“Some 37% of voters say they believe Tony Blair pays too much attention to business while only 14% say he pays too much attention to the trade unions and not enough to business.”
Just as unions abused their power in the 1970s, employers have been abusing theirs for the past decade, and the public mood reflects this.
Another excellent piece from Ross Gittins notes The end of the world as we knew it for 20 years, and attacks ‘rationalism’s bastard child, the Cult of Shareholder Value’. It’s interesting to speculate what kind of response a headline like this would receive from right-wing blogdom if it appeared over, say, Margo Kingston’s byline.
Treasury Secretary Paul O’Neill joins the attack on Citigroup and Paul Rubin. I thought this kind of thing would be confine to the Andrew Sullivans, but the administration is getting in on the act. If Citigroup runs into a crisis of confidence, it will be interesting to see how O’Neill reassures the markets.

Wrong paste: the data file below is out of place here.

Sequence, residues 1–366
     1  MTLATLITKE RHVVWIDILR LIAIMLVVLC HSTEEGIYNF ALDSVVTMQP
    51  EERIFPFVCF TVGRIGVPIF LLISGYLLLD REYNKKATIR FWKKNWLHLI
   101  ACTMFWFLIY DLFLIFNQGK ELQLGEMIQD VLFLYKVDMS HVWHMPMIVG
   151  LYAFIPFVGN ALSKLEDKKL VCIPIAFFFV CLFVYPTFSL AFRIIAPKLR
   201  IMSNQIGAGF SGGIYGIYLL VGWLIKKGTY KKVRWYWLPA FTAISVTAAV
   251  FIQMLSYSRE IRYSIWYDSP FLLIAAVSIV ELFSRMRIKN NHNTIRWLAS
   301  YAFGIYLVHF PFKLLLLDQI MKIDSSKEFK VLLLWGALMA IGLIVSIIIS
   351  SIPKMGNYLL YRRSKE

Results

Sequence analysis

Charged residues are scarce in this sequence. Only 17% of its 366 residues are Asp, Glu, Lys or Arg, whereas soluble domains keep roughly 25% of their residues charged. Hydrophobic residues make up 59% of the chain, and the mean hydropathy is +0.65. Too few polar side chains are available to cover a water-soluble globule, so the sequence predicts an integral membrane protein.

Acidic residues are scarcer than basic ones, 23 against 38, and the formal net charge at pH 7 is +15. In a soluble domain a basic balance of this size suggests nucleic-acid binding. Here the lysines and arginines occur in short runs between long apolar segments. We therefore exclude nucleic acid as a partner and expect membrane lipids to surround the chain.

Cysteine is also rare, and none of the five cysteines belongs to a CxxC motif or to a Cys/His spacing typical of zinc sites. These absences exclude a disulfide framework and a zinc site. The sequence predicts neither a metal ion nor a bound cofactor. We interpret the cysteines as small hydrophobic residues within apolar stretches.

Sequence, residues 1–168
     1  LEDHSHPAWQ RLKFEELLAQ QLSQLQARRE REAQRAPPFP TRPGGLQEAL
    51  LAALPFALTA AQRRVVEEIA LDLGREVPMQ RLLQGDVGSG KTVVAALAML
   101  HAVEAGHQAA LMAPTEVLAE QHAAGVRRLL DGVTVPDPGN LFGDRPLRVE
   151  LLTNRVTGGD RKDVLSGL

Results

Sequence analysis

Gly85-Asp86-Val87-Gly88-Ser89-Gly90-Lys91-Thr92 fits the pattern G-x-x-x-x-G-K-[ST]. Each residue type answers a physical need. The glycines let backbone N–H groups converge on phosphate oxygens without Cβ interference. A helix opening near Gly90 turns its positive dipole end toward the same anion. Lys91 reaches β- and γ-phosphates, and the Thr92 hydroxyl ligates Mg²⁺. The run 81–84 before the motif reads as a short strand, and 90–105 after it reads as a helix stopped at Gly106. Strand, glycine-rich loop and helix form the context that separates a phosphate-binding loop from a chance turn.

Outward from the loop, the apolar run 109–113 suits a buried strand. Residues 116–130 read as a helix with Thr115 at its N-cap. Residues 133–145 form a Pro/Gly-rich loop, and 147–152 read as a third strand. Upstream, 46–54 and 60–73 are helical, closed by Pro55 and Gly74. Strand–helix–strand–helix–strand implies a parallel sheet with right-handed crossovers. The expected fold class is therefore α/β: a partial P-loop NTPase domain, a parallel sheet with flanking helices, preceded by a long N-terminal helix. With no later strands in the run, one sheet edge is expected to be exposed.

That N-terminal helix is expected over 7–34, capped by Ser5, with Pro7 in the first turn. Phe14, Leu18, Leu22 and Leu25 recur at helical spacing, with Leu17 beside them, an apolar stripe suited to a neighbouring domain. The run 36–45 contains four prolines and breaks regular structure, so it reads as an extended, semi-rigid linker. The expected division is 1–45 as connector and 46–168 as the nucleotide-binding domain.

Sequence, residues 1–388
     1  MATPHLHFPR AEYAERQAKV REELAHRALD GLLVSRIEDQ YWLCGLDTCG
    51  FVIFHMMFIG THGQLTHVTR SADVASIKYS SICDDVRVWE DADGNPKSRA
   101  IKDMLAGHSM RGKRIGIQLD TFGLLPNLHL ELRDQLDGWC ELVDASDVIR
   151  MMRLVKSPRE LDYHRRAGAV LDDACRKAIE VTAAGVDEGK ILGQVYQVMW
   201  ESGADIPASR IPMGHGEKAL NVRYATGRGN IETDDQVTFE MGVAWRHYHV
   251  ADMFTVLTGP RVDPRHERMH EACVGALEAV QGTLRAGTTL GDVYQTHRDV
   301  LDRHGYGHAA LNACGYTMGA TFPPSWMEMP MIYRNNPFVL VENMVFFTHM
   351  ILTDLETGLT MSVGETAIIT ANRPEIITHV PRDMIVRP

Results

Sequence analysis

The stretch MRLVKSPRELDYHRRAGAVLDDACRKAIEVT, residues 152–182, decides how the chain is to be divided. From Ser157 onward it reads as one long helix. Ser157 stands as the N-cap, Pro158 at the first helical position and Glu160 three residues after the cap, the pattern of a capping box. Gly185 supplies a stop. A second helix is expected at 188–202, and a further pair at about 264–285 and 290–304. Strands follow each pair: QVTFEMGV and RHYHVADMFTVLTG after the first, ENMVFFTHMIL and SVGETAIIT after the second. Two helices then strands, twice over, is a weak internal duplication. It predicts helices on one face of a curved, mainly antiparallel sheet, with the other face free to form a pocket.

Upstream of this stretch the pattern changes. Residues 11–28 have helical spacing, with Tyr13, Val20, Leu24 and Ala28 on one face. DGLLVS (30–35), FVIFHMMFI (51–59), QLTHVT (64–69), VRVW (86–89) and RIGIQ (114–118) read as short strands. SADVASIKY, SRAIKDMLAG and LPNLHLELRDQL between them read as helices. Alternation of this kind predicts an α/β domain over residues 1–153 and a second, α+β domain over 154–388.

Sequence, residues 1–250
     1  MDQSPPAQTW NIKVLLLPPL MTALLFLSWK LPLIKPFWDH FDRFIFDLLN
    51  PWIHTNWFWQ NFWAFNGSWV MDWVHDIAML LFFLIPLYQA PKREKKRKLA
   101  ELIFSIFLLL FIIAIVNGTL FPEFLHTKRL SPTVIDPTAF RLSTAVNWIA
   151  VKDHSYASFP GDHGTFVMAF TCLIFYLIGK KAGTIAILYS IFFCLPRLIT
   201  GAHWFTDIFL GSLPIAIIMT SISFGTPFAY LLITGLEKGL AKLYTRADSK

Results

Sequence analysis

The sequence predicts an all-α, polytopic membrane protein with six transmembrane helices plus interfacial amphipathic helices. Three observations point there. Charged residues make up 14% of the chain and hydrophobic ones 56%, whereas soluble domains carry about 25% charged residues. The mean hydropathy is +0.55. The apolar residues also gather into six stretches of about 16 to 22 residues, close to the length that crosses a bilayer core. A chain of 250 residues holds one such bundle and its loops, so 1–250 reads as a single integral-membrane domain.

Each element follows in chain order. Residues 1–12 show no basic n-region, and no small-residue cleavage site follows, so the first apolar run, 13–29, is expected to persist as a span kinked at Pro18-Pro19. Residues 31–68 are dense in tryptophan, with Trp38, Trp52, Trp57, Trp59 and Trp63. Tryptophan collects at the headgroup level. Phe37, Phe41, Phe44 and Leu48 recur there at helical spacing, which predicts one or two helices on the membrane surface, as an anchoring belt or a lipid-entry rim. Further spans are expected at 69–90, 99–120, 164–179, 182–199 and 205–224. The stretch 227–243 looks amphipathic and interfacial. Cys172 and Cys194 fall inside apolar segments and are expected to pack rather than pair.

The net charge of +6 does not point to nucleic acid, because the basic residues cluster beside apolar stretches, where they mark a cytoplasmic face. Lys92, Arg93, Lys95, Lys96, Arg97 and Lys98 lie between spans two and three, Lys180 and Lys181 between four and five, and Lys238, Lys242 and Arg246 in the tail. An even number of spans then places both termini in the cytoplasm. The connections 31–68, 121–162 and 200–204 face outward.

As I predicted, Mickey Kaus has come back at the NYT report on no-parent families. Let’s see how I scored. I said:
I await Mickey Kaus’ response proving that
(i) the numbers are wrong
Kaus obviously doesn’t believe them, but admits this “needs further study”
“I need to make some calls before deciding if she’s stumbled on to a small, troubling trend in a positive overall picture — or if there’s even less to her story than that.”
(ii) the NYT has misinterpreted them
He argues this on everything from the data itself to the expert responses cited in the report
(iii) in any case, it’s a good thing for children to be separated from welfare-dependent parents.